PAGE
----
A CRACK squad of 200 senior officials and educationists is being set up by the government to clamp down on indiscipline and abysmal teaching.
Members of the "guerrilla" squad will conduct spot checks on dysfunctional schools across the country. They have already paid unannounced visits to 1,036 very bad schools, defined as those where 80 per cent or more pupils failed final exams last year.
Education minister Kader Asmal said the unit will form part of a provincially-based "supervisory" service, which will have the right to visit any school.
"No-go areas must be a thing of the past," he said, referring to cases in which union members have kept officials out of schools. "Such people are out of line and should expect to be disciplined."
The threat of checks and disciplinary action against teachers will be complemented by supervision, advice and support.
Mr Asmal, an energetic former law professor who became education minister last June, began to move against ill-disciplined schools in January following yet another year of dismal results in the state sector's school-leaving examinations, which more than half of final-year pupils failed.
Mr Asmal and provincial education ministers have also agreed that guidelines on recors to be kept by schools will be ready next month and that quarterly reports on school attendance must be produced every three months. They are developing school evaluation and monitoring processes.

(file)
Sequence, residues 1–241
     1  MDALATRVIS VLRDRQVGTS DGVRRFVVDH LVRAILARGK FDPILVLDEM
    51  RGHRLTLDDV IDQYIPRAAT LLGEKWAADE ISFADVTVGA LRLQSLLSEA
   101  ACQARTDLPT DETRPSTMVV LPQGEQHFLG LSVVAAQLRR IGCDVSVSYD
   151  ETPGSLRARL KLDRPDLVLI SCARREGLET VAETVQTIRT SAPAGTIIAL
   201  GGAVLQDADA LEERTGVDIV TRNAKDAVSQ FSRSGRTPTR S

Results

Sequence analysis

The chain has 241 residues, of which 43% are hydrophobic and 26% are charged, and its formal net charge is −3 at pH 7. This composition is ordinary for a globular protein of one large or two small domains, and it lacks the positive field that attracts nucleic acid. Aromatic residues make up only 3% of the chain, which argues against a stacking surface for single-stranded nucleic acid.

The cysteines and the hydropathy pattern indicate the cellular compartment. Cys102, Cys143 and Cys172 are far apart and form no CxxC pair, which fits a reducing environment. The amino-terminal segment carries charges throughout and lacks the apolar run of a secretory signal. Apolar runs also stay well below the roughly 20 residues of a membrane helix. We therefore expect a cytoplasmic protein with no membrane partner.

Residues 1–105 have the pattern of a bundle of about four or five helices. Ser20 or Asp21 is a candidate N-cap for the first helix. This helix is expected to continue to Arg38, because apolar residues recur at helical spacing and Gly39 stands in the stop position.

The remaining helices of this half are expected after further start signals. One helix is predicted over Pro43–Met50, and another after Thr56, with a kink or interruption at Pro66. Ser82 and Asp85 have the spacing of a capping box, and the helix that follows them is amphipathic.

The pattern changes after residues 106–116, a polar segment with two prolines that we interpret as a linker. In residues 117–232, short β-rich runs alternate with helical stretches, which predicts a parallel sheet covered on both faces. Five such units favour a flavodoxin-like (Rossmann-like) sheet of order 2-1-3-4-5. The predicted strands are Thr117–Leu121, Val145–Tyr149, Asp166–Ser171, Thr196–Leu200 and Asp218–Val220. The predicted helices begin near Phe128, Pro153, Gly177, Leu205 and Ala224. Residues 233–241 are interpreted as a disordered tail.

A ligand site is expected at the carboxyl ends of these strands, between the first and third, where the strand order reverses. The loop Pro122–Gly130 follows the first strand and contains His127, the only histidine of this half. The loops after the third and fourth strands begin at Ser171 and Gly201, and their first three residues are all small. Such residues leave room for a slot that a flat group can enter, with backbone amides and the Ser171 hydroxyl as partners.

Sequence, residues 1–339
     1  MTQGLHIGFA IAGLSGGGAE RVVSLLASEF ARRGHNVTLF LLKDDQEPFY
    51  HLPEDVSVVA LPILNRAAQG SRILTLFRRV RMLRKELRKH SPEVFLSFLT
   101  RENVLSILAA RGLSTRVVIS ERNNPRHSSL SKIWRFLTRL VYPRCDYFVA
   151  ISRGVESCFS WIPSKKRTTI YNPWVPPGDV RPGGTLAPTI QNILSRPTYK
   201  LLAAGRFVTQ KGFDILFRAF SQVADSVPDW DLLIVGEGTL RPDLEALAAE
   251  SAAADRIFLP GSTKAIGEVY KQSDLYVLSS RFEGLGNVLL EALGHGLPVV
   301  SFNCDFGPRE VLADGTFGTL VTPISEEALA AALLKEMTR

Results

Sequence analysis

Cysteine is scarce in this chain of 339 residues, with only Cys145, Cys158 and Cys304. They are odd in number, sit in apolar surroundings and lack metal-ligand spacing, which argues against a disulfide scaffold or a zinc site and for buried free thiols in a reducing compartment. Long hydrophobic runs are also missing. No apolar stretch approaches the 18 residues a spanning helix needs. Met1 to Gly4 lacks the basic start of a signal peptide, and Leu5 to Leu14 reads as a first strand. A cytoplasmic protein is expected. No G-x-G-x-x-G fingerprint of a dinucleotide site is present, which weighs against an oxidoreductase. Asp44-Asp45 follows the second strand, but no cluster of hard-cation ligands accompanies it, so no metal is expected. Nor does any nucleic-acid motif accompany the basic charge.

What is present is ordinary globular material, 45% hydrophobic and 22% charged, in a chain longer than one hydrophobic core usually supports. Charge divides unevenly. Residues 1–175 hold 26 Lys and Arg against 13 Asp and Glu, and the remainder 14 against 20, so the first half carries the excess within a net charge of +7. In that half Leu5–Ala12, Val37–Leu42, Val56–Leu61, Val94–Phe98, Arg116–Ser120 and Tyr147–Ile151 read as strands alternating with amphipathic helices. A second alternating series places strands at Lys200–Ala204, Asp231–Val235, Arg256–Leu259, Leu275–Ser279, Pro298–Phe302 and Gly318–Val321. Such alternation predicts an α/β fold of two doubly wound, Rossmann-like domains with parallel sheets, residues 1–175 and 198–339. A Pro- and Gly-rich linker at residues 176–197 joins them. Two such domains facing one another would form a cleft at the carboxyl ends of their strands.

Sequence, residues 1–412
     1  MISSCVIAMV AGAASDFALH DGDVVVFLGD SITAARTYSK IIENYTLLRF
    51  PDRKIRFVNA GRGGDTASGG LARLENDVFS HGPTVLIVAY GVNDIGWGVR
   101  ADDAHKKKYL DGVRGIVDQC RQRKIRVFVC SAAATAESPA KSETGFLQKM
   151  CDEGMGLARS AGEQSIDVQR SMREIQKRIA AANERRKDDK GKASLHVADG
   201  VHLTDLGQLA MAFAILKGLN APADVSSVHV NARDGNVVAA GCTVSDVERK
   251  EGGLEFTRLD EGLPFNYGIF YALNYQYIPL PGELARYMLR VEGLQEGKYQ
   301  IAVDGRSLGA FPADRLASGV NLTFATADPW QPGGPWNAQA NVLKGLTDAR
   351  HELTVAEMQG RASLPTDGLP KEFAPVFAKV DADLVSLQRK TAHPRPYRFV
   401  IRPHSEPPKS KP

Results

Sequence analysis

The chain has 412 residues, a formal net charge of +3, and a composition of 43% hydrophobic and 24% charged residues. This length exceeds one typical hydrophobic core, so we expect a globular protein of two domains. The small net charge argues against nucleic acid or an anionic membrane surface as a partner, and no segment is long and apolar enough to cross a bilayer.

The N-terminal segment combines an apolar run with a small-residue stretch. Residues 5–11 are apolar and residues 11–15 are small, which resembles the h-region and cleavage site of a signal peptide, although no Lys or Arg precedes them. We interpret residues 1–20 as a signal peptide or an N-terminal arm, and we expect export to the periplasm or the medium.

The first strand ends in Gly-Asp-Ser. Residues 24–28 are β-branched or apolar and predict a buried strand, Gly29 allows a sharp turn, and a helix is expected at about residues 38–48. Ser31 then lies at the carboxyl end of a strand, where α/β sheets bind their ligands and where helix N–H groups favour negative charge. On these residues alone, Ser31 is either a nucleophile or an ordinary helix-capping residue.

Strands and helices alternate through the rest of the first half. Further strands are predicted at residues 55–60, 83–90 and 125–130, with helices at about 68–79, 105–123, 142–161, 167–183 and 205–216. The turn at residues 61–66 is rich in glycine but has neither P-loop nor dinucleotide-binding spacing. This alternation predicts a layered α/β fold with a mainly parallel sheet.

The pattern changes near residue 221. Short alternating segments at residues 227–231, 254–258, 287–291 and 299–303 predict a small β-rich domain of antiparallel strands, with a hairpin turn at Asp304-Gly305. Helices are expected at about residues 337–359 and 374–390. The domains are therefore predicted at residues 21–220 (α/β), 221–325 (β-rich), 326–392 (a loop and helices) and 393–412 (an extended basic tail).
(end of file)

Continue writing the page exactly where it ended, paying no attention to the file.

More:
The education department is also trying to improve conditions of service for teachers, enhancing school and financial management, increasing opportunities for professional development, and training 27,000 headteachers in principles of education, law, policy and conflict management.
Some of South Africa's nine provinces are already using the supervisory squad.
Gauteng, the richest province, has created "education action zones" for focused intervention, and has begun closing down fly-by-night schools that have been ripping off township pupils.
And in KwaZulu-Natal province, hardline education minister Eileen kaNkosi Shandu has closed final-year classes at 28 schools that achieved less than 5 per cent pass rates, sending pupils to nearby institutions and ordering the schools to start an hour earlier to improve their results.
Many formerly African schools are notoriously slack, partly a legacy of an apartheid system that neglected them. Schools start late and offer poorly-prepared lessons sporadically. Bad behaviour and violence is common.